support the Commissioner’s decision. See Johnson v. Apfel, 240 F.3d 1145, 1147 (8th Cir. 2001).
As long as there is substantial evidence in the record that supports the Commissioner’s decision, the
Court may not reverse it simply because substantial evidence exists in the record that would have
supported a contrary outcome or because the Court would have decided the case differently. See
Haley v. Massanari, 258 F.3d 742, 747 (8th Cir. 2001). If, after reviewing the record, it is possible
to draw two inconsistent positions from the evidence and one of those positions represents the
findings of the ALJ, the decision of the ALJ must be affirmed. See Young v. Apfel, 221 F.3d 1065,
1068 (8th Cir. 2000).
It is well-established that a claimant for Social Security disability benefits has the burden of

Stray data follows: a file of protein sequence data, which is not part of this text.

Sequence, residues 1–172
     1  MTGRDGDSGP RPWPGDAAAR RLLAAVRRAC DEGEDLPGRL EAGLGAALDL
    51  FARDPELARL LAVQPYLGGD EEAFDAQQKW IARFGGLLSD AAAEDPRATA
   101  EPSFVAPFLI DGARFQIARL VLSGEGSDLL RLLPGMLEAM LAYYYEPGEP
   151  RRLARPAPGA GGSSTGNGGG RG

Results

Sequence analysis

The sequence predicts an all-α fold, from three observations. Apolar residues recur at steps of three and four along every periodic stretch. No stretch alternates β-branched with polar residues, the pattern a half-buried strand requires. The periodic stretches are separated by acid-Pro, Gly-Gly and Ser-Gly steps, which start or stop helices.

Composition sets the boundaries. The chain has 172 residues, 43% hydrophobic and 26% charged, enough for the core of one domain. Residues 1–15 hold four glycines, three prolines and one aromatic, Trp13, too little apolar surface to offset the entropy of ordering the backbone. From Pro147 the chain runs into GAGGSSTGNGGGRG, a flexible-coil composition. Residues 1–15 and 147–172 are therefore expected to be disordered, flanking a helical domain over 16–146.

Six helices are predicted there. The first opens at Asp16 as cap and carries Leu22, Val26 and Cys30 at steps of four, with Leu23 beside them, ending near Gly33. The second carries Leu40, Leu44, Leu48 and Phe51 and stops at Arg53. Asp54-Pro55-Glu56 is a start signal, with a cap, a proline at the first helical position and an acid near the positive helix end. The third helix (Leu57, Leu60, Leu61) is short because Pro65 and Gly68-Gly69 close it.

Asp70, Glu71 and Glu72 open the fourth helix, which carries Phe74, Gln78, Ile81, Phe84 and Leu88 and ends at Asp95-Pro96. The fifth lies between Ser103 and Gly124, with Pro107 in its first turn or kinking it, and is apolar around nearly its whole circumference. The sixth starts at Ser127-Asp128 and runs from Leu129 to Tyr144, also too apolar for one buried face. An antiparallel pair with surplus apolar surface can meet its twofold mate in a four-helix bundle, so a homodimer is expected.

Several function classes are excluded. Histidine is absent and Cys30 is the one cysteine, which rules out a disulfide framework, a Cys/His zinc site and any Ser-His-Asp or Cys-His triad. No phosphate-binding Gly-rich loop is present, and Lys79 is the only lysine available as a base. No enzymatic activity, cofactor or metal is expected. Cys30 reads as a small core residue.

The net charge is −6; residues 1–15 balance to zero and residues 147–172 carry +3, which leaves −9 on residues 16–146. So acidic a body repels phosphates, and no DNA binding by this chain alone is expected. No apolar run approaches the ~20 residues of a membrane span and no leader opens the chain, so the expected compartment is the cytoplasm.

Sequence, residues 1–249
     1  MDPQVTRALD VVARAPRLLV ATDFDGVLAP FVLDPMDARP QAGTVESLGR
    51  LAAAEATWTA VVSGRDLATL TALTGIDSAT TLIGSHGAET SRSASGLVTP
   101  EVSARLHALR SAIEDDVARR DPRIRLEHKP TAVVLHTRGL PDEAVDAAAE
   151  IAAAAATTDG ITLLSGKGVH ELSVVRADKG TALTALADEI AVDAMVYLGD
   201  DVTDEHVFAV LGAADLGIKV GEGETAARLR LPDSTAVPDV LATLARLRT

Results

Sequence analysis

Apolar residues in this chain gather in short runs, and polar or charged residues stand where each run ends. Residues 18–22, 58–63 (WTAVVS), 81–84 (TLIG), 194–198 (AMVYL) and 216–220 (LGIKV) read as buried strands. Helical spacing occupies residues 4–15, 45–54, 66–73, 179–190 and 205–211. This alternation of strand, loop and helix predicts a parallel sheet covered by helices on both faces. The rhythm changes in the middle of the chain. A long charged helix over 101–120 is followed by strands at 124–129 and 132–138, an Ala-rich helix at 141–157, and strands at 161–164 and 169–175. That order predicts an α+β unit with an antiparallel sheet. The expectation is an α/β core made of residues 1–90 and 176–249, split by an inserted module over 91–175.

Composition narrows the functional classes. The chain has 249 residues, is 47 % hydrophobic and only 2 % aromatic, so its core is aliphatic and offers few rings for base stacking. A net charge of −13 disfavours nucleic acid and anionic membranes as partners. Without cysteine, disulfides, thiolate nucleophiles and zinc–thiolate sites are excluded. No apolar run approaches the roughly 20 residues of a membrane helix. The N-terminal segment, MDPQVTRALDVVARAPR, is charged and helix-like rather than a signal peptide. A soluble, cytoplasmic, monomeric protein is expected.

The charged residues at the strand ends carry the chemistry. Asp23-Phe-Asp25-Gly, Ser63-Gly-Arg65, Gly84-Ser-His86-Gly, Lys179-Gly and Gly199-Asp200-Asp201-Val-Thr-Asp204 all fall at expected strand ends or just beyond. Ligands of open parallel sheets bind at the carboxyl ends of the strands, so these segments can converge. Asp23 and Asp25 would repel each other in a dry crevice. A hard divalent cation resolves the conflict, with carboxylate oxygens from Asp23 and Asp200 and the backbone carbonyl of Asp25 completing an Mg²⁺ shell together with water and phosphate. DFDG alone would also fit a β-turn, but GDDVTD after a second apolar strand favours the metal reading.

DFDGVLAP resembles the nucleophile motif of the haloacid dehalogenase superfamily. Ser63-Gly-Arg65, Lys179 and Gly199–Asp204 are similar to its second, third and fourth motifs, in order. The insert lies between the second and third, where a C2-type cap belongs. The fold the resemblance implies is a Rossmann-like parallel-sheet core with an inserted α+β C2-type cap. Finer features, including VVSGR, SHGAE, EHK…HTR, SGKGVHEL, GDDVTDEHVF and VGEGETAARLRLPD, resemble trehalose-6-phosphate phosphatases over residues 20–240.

proving his or her disability by establishing a physical or mental disability that lasted at least one
year and that prevents him or her from engaging in any substantial gainful activity. See Cox v. Apfel,
160 F.3d 1203, 1206 (8th Cir. 1998); 42 U.S.C. §§ 423(d)(1)(A), 1382c(a)(3)(A). The Act defines
a “physical or mental impairment” as “an impairment that results from anatomical, physiological,
or psychological abnormalities which are demonstrable by medically acceptable clinical and
laboratory diagnostic techniques.” 42 U.S.C. §§ 423(d)(3), 1382(3)(c). A plaintiff must show that
his or her disability, not simply his or her impairment, has lasted for at least twelve consecutive
months. See 42 U.S.C. § 423(d)(1)(A).
To determine whether the adult claimant suffers from a disability, the Commissioner uses